What’s For Lunch?! (It’s MealPal)

MealPal is a lunch and dinner subscription service where you receive a set number of meals for pickup over a 30-day period. Depending on your plan you can eat for as little as $6 per meal in New York City, which is quite a feat. I’m now on my second cycle and I’m not planning to leave anytime soon!

Annoying -> Fun

MealPal’s strength is turning something annoying (lunch, yes, extremely first-world problem) into something, well, fun! We’ve all been there – ‘time for lunch…but what should i eat today?! had Mexican last night don’t want it today…that place is too far..only have 30 minutes!’ With MealPal you get an email at 5pm every day telling you that the Kitchen is open for lunch the next day. You then pick what you want when you want it and you’re all set! So now you’ve solved lunch ahead of time and you have something to look forward to. The pick-up is the other annoyance in the lunch process, but MealPal even makes this delightful. Your order is ready when you arrive – no lines, no paying for anything – just show them your order number and you’re done!

Building Anticipation with Online x Offline

I really love the ~18 hours to payoff  as it’s  unique among digital experiences. We’re accustomed to instant gratification with social networks and news services, but the payoff only requires us to tap an icon on our home screens. There is an inherent anticipation build-up with Food Delivery services, but if it comes on time I’m simply satisfied and if it’s late I’m extremely hangry and nobody wins. MealPal promises me a trip out of the office at a specific time with little effort to accomplish my task of getting lunch – that is something I can look forward to with every meal from them.

After Lunch Experience 

Another great thing about MealPal is that there’s still more to experience after lunch. The next time I open the App after picking up my Meal I’m immediately prompted for feedback and I love this. It shows me that MealPal cares about my experience and wants to make the product better. The survey is short and to the point and I always complete it.

 

 

Suppliers

MealPal has done a great job with the Meal-eater experience, but they have another customer in the Restaurants that supply these meals. I was curious as to what the value proposition (other than exposure and foot-traffic) was to these Restaurants and found this from a great piece by GeekWire:

“MealPal is able to offer lower prices because it gives restaurants large orders for individual dishes in advance. It’s similar to a catering model, which Biggins said is typically the most profitable order for restaurants. MealPal lets many restaurants make more money per meal versus serving individual customers, she said.”

I have no idea what the logistics of working with MealPal are on the supplier end, but this economic arrangement seems very favorable. As good as the Meal-eater experience is, the supply of Restaurants is really the limiting factor to how popular it can become.

Making MealPal even better

While I love the service, there’s always room for improvement. Given how much I’ve used the service and the amount of feedback I’ve provided, MealPal should use those inputs to improve the experience for me. Sarah Tavel of Benchmark Capital calls this Accruing Benefits, which is basically  saying “The more I use this product the better it gets.” For example, I’ve noticed that when I go to select my next Meal the options have looked pretty static from week to week, even with consistent usage. This could be because they haven’t added many new restaurants, but my prior activity can used here to  give me an illusion of endless choice and keep me subscribed.  A couple ideas for this:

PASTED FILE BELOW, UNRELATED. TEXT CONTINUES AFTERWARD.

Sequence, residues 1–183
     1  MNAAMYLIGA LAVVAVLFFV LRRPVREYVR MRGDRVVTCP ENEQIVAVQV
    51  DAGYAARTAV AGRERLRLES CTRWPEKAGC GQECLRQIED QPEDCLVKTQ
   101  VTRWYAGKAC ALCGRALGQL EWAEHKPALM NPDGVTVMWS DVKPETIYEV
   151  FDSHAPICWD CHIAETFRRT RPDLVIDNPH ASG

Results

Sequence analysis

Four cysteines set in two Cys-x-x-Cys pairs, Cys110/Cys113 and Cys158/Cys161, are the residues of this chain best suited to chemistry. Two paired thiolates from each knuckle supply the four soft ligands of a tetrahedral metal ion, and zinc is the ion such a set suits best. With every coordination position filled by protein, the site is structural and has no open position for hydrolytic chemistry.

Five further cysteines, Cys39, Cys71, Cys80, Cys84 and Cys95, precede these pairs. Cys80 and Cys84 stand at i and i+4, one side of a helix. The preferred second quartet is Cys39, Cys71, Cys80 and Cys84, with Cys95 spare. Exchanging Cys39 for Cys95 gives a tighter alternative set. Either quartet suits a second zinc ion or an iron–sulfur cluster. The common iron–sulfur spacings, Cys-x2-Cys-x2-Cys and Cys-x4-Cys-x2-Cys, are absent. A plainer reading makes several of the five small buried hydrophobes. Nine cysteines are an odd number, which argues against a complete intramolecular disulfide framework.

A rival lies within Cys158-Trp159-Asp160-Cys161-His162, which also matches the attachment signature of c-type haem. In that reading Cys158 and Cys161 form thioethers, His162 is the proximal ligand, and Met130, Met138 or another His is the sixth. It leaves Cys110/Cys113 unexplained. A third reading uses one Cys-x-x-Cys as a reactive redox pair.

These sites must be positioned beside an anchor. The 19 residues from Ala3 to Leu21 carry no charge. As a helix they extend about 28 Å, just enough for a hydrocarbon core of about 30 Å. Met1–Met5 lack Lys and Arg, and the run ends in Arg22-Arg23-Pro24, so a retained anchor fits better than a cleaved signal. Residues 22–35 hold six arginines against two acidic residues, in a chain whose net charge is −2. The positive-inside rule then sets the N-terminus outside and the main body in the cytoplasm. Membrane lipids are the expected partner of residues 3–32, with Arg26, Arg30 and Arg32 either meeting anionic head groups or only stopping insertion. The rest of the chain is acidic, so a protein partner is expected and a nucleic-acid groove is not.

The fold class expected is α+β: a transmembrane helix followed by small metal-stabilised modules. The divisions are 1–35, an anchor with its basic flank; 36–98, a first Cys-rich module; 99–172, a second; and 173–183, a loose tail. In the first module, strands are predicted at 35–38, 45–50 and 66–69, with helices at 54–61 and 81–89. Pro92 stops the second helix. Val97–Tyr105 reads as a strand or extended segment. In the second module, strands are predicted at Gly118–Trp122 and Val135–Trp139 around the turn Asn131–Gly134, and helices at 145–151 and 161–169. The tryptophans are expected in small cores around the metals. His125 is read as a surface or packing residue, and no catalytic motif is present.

• Suggestions – MealPal knows my taste profile, the places I’ve eaten and the places I haven’t tried yet; this would be a perfect opportunity for a suggestion
  • Popularity – They also know what’s popular among their customers so this would be a great option for a filter
  • 3rd-Party Data – I use other apps and services to find restaurant recommendations and having this layer on top of MealPal would help with discovery. I’d love to see a Foursquare integration (my go-to for reviews/ratings) so I could vet the places I’ve never been to before and maybe see my favorites/history from that service offered as suggestions in MealPal.

To MealPal’s credit I have noticed the addition of filtering by Portion Size, which is something they ask customers to answer in surveys. I find this feature very useful.

Look and Feel

There are also a few things MealPal could do to improve the navigation of the app. I’m not feeling the hamburger menu and it’s position on the not-so top right still gets buried for me – even as an active user. I’d love to see the items in the hamburger as tabs on the bottom of the screen. If i want to see account settings  I have to 1)  tap the hamburger 2)  tap ‘My Account and then 3) tap hamburger  4) tap ‘Browse Meals’ just to get back to where I was. It’s not hard, but could be so much easier with tabs 🙂

And visually, I really dislike the ‘tabs’ used to distinguish between Lunch and Dinner on the home screen. They look like browser tabs and to me that just looks wrong on a Mobile App. A segmented control with the ability to swipe between the two sections would look a lot better.

 

 

 

I made a quick wireframe of how the structure of the app would look with these changes:

 

 

 

 

 

Try it for yourself

These minor shortcoming aside, I’m super-excited to see what’s next for MealPal and am very bullish on the service. And if you’re so inclined, sign up for yourself using my invite code: mealpal.com/samgirotra 🙂

Leave a Reply

Your email address will not be published. Required fields are marked *